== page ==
Timeline: The Story of the 'Alabang Boys,' PDEA and DOJ

Research by Lei Chavez, abs-cbnNEWS.com

Posted at Jan 07 2009 02:30 PM | Updated as of Jan 07 2009 10:30 PM

2008
 
September 20 – Richard Santos Brodett, Jorge Jordana Joseph, and Joseph Ramirez Tecson get arrested for drug trafficking through buy-bust operations in Quezon City and Ayala Alabang Village by the Philippine Drug Enforcement Agency (PDEA).
 
September 21
– Dubbed as the "Alabang Boys", the three suspects submit themselves to the Justice department for the preliminary investigation of the case.
 
December 2 – The Department of Justice national prosecution service files a resolution dismissing the case due to "lack of probable cause."
 
December 19 – Antinarcotics agents receive "intelligence reports" that "P50 million changed hands" for the release of the three suspects.
 
PDEA Director General Dionisio Santiago says that the family members of the three suspects have attempted to bribe the prosecutor P50 million to dismiss the case. Chief State Prosecutor Jovencito Zuño denies that he and the other prosecutors who investigated the case were given bribes.
 
Marcelino divulges that he and his men were offered bribes thrice from Joe Tecson, a relative of one of the 'Alabang Boys.' The first is P3 million and later on increased to P20 million.
 
December 23 – Janet Payoyo, staff of Justice Undersecretary Ricardo Blancaflor, receives a second draft order for the release of the suspects. The order came from Brodett and Tecson's lawyer, Felisberto Verano Jr, and is written in the DOJ letterhead. (Verano admitted writing the release order January 7 during a Congressional hearing.)
 
Blancaflor allegedly calls Chief Inspector Ferdinand Marcelino, head of the PDEA special enforcement service, to ask why the three suspects were not yet released by PDEA. Marcelino responds by saying that the case was still under review because of the alleged bribery attempt.
 
December 29 – Gonzalez reveals that someone within his department tried to "sneak in" for his signature a draft order that dismisses the drug case against the Alabang Boys. The Justice secretary denies signing it and orders an investigation. He nullifies the release order for the suspects.
 
The Senate agrees to investigate the alleged bribery attempt and Senator Gregorio Honasan will lead the Senate probe.
 
December 30 – Johnny Joseph, father of Jorge Joseph denies offering bribes for the release of his son from PDEA custody. But he admits offering Marcelino something else: campaign program against illegal drugs. The radio personality also states that his son is not a drug addict but only a "social drug user" and justifies that it is normal for the young to experiment. The parents of Richard Brodett likewise deny giving bribes for the dismissal of their son.
 
December 31 – President Gloria Arroyo directs the Dangerous Drug Board, headed by Tito Sotto, to investigate the alleged P50 million bribe attempts and instructs Justice secretary Raul Gonzalez to keep the suspects in custody. The President also asks Sotto to closely monitor the re-investigation proceedings of the two cases that were previously dismissed by the DOJ.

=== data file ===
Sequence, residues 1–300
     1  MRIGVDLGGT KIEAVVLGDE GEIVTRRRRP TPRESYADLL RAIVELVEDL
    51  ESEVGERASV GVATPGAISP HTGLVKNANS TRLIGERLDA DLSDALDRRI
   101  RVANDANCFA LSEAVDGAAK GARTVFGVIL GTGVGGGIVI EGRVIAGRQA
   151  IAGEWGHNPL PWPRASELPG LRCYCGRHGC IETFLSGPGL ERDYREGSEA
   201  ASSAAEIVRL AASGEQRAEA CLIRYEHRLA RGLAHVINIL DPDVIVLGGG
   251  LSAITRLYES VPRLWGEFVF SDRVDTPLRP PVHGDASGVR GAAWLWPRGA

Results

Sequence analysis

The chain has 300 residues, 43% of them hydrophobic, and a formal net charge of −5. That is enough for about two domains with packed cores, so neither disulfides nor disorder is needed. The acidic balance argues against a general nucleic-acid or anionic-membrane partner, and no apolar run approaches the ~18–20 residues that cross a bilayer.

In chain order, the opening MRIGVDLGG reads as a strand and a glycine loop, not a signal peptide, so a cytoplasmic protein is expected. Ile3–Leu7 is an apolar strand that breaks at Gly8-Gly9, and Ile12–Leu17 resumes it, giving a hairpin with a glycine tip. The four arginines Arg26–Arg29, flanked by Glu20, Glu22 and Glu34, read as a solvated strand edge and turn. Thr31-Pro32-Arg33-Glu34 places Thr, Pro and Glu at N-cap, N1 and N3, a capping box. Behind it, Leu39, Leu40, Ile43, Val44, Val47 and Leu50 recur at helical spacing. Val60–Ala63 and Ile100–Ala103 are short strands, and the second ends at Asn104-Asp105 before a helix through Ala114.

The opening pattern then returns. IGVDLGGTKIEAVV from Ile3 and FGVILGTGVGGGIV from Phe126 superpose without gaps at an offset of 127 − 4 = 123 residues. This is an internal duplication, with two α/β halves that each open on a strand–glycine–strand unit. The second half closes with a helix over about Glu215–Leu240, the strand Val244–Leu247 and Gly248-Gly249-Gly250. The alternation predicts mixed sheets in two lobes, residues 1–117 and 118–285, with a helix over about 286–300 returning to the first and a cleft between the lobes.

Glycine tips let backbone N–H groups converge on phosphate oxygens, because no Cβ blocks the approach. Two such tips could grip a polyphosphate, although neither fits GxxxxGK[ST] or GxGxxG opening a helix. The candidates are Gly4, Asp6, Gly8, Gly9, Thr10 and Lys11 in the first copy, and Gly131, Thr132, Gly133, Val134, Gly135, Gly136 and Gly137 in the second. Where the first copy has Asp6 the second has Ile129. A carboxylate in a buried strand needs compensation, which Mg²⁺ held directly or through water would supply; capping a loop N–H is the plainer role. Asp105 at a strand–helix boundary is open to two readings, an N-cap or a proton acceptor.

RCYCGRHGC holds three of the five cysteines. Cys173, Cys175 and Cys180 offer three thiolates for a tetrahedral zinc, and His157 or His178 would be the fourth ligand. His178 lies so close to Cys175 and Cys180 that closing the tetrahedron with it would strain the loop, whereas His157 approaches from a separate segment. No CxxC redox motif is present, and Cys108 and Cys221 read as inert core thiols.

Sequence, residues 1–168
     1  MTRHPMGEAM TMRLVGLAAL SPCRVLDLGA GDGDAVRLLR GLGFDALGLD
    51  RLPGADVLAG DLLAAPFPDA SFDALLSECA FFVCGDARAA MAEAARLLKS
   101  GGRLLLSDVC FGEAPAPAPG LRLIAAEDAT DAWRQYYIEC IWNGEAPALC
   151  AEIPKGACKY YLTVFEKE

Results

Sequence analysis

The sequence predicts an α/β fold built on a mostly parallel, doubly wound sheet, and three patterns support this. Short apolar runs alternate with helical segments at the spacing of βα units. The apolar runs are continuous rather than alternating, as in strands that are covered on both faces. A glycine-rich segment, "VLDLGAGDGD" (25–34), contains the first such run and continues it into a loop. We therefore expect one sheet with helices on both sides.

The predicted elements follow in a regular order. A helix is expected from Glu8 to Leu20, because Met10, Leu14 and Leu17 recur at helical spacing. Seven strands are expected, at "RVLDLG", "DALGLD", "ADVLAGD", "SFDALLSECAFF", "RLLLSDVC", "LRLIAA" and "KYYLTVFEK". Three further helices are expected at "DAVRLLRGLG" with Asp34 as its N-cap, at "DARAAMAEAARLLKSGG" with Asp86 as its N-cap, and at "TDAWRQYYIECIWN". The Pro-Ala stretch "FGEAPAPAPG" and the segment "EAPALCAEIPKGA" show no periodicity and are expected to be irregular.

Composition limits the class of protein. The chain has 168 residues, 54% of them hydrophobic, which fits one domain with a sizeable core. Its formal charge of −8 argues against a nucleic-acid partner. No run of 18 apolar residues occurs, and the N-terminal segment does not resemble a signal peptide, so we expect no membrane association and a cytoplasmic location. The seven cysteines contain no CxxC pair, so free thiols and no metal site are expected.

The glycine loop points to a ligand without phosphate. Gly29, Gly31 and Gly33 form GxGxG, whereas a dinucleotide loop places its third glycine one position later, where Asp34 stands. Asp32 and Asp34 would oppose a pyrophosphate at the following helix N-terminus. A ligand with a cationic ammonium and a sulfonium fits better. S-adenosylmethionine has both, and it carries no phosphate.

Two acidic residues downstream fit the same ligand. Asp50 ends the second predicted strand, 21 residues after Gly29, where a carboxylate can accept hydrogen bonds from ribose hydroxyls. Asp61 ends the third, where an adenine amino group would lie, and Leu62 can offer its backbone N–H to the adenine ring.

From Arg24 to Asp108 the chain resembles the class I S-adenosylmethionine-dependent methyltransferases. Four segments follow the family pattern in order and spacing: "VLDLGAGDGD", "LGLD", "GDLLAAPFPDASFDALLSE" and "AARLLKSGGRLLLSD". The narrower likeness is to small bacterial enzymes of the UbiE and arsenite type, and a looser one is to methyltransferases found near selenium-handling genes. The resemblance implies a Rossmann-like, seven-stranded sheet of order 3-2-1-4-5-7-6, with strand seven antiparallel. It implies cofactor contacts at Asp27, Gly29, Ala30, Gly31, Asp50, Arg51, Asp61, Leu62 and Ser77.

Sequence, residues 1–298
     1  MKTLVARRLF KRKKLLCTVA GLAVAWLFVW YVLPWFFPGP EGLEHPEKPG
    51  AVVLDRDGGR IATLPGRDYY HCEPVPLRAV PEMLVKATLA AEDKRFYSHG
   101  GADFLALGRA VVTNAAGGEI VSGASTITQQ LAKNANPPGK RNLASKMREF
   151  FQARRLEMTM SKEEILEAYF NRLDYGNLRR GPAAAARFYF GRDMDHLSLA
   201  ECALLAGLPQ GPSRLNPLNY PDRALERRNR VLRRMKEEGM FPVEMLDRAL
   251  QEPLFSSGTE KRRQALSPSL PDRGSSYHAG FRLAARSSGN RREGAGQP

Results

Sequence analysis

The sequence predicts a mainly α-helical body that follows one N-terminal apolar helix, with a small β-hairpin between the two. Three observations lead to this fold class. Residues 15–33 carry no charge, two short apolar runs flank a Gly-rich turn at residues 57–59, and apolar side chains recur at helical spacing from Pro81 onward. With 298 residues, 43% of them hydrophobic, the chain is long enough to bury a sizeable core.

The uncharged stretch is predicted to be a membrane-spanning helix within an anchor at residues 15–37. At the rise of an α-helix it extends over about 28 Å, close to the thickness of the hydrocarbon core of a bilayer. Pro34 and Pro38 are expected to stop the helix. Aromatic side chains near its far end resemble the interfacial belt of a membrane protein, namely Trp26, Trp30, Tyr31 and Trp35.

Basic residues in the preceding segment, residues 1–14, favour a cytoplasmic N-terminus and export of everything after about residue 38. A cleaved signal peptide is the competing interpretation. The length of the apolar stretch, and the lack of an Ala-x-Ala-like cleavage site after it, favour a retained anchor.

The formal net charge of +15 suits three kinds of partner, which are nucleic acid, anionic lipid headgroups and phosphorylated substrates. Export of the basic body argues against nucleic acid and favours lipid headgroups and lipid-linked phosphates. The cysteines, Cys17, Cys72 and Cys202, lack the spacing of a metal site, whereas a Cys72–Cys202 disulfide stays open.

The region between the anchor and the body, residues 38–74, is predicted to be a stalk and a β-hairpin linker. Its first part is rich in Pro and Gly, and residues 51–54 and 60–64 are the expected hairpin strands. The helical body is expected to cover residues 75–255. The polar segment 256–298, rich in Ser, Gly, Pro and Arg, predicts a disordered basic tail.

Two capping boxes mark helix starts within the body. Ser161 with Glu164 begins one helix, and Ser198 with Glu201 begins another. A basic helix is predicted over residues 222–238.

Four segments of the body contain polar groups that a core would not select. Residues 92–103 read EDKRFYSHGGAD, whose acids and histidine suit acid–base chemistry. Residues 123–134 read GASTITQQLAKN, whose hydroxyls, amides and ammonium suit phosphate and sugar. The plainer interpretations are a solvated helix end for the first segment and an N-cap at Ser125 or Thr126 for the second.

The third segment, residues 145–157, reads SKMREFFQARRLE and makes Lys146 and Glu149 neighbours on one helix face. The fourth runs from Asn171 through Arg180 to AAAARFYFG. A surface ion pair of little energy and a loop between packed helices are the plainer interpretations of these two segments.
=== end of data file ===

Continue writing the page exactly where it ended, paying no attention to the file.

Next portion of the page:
2009
 
January 3 – Santiago links the 'Alabang Boys' to the Valle Verde group, which allegedly supplies illegal drugs in Manila and Baguio City and to a larger international syndicate that sells illegal drugs through the Internet.
 
January 4 – Marcelino says Blancaflor tried to intervene with the release of the suspects when the latter called him a few days before Christmas.
 
Gonzalez instructs the National Bureau of Investigation (NBI) to investigate Blancaflor and his connections with the alleged P50-million bribe to release the 'Alabang Boys' from detention.
 
January 5
– Gonzalez says Blancaflor has displayed unusual interest in the drug case and states that Blancaflor's call to a PDEA officer was "irregular."
 
Blancaflor stresses that he did not intercede when he called Marcelino to inquire on the status of the case and says he likewise makes calls on cases involving media killings, human trafficking, and terrorism. He is willing to undergo a lie detector test and investigation.
 
Zuño supports the resolution to dismiss the drug case against the suspects because the arrest conducted by PDEA was illegal. He also adds that the bust-buy money was only P600 and was mixed with fake money to make the transaction exceed P100,000.
 
Santiago says there is nothing wrong with the call because he also occasionally consults the justice undersecretary. Marcelino, according to Santiago, must have inferred that Blancaflor was exerting pressure because Marcelino is "younger and relatively new to the position."
 
January 6
– The families of the 'Alabang Boys' file a 10-page petition for writ of habeas corpus in the Court of Appeals. PDEA officials argue that they cannot release the suspects.
 
In the investigation beong conducted by the House of Representatives, Blancaflor admits that he was contacted by the emissary of Brodett to ask about the "status" of the case after it was dismissed by the prosecutor's office.
 
January 7 – Marcelino tells the investigating panel that he is sure some of the corrupt members of the DOJ have accepted the P50-million bribe. He also narrates that one of his classmates called him to ask him to drop the case.
 
Gonzalez comments that he will not reverse the dismissal of the case if he found it "correct and justifiable." He announces that he will conduct an automatic review of the case within ten days.
 
Anthony Brodett confirms that his cousin, Richard Brodett, was pushing drugs since 2003 with the consent of Richard's mother, a former drug dependent.
 
Sources: Various news reports that came out  during the height of the issue